One of the most irritating things about my Auditory Integration Disorder is my complete inability to tune out background noises. Naturally, that wreaks havoc on focus.
Music in My Life
If a cat decides to knock things off a table in the middle of the night, the sound of whatever it is hitting the carpet will wake me. If a truck idles outside my house, I have the urge to hunt down whatever’s making that rumbling sound.
When I work, that means background noises are constant distractions. It’s something I’ve struggled with since childhood. I’ve discovered music is one of the only things that helps me.
My taste is pretty eclectic. I enjoy songs from all genres, from gospel to death metal, but I can’t listen to all types of music while I’m trying to work. Unless I already know the lyrics by heart, or if they’re in a foreign language, singers make word generation difficult. Instrumental is usually best for me.
Earlier this month, I came across the opportunity to review a service called Focus at Will. Since it was a potential solution to my ongoing problem with focus, I thought I’d see if it’d help. They offer a 15 day free trial, so I figured, why not?
This month has not been easy. I nearly cut the tip of one of my fingers off the first week, and I’ve been dealing with some minor nerve damage from a dental visit the week after. That said, I’ve been having a hard time doing much of anything.
With pain and discomfort levels being what they were, I know my dyslexia was going to be worse than usual, to say nothing of my concentration. That said, this player was incredibly helpful.
Had I not been in so much physical discomfort, I’m pretty sure my recorded productivity would have been much higher, but as it is, just over 75% is impressive.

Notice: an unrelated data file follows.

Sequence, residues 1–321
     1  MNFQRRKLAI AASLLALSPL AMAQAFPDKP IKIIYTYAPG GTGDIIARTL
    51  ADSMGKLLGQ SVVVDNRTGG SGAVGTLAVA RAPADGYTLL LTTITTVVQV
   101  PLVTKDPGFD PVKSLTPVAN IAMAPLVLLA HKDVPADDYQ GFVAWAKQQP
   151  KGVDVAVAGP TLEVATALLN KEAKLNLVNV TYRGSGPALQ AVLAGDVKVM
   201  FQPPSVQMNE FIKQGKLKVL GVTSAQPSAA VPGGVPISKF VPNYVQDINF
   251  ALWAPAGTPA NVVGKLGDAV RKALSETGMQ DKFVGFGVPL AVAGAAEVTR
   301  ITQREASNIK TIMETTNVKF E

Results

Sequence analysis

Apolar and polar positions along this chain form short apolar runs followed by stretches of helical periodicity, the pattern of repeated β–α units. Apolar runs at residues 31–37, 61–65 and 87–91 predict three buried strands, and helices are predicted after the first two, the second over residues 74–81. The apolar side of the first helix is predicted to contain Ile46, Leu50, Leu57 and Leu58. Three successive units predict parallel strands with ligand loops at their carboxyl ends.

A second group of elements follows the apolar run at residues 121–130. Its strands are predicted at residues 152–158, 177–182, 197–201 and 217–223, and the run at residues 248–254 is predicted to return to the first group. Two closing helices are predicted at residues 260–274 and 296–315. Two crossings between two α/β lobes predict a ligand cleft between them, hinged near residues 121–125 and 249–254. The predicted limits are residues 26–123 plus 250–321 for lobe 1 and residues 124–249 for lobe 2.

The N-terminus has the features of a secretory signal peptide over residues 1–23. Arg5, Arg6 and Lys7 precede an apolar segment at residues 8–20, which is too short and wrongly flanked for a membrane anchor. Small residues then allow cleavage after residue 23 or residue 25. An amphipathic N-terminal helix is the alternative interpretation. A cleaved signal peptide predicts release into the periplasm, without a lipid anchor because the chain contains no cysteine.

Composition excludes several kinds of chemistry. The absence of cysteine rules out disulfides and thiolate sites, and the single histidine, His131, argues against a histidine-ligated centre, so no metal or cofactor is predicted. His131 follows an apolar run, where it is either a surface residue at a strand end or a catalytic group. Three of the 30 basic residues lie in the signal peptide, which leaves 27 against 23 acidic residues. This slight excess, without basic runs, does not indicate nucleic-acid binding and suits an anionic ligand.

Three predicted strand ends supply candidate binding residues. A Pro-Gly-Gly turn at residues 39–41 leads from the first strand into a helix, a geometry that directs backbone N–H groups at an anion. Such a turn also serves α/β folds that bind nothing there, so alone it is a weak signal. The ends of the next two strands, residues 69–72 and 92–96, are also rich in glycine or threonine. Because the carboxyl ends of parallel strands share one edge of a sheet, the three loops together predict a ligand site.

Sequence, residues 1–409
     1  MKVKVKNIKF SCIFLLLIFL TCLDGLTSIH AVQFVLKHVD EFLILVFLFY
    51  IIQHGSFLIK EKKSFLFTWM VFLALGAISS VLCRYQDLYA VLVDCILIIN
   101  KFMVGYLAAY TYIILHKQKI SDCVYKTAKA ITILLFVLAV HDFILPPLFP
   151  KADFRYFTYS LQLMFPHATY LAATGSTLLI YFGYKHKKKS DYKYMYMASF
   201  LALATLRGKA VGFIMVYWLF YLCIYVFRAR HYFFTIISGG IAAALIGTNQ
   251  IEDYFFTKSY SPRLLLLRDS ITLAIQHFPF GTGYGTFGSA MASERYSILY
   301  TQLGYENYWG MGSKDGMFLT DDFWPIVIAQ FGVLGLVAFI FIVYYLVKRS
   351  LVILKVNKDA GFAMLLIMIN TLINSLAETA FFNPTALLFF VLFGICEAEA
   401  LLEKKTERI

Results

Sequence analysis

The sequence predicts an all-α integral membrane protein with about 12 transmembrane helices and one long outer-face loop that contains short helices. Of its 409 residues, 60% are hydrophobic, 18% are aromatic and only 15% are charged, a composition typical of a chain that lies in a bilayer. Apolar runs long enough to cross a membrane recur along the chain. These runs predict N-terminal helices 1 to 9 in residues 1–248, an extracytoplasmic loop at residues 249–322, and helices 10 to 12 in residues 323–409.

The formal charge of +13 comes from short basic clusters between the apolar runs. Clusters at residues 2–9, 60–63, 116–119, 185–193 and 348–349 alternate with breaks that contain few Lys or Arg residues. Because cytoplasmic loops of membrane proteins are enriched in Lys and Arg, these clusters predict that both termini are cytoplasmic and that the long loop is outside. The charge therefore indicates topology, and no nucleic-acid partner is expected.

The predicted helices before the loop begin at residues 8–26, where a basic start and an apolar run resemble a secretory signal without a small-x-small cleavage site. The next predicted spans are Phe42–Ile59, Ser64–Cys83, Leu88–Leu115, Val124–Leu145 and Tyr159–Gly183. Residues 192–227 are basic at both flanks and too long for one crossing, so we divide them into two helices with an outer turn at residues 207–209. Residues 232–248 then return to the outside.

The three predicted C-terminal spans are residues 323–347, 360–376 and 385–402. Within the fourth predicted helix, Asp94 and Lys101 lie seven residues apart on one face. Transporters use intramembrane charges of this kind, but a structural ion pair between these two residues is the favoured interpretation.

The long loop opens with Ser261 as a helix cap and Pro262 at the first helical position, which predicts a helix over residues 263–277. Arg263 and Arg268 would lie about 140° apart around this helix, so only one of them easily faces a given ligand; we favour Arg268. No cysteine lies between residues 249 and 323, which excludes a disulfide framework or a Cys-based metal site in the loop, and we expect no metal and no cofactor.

I use other musical options, too: IHeartRadio, Pandora, YouTube playlists, the good ol’ radio and purchased music.
Free versions always have commercials, which distracted me whenever they came on. I understand, they need to make money, and so long as I was using them to take my mind off of the housework or exercise I was doing, that didn’t matter. The constant interruptions were terrible for writing, though. I also found myself getting bored with purchased songs after a while, regardless of how much I liked them.
This free trial had no ads, which was excellent. The layout is very well done, in that it’s intuitive to use. I also really liked the timer option, because I have such a hard time keeping track of my time.
You can set the music to play for up to two hours at a time. Once the time’s up, you’ll hear a gentle chime just before the music is finished, and you’ll have the option to rate your productivity level during the session.
That timer helped remind me to take stretch-breaks and to help me refocus if I felt my attention wandering off. There’s also the option to skip distracting songs, which is always handy. The program is a lot better at funneling out distracting music than players I’ve tried with similar features.
Although I didn’t utilize the productivity rating as much as I could have, I still found it interesting to see what I did record displayed on a bar graph. I don’t know why, but seeing that visual representation is strangely motivational.
Overall, it’s one of the easiest players I’ve used to date.
The first thing that stood out to me was the sheer variety of music/sound genres available. I tried a little bit of each genre, but discovered there were only two that worked the best for me personally – Classic and Cinematic.
You can also select energy level. I do best with the medium setting, but I’m sure the low and high helps others, depending on their needs. This particular player also offers non-music options for those who function better with background noise.
The cafe settings do sound like you’re sitting in a small restaurant, and the others are various forms of ambient noise or music. I’ve always found that sort of thing hopelessly distracting, so I didn’t listen to any of them for very long.
I think what impresses me the most about this service is the sheer sound variety available. It’s much easier to pick a genre from a list instead of typing it into a search field.
Finally, you’ll get helpful e-mails providing tips about how to best use the service.
The sign up for the free trial is very easy, and best of all, doesn’t require you to provide financial information right away. One thing that always turns me off to free trials is being required to enter a credit card number right from the beginning.
Once your free trial is over, you’ll be asked if you’d like to subscribe. If so, you don’t have to have a credit card for that, either, just PayPal. I’ve found the PayPal offer to be far more secure, especially after having data theft problems of my own.
If your problems focusing are anything like mine, this service is worth a try.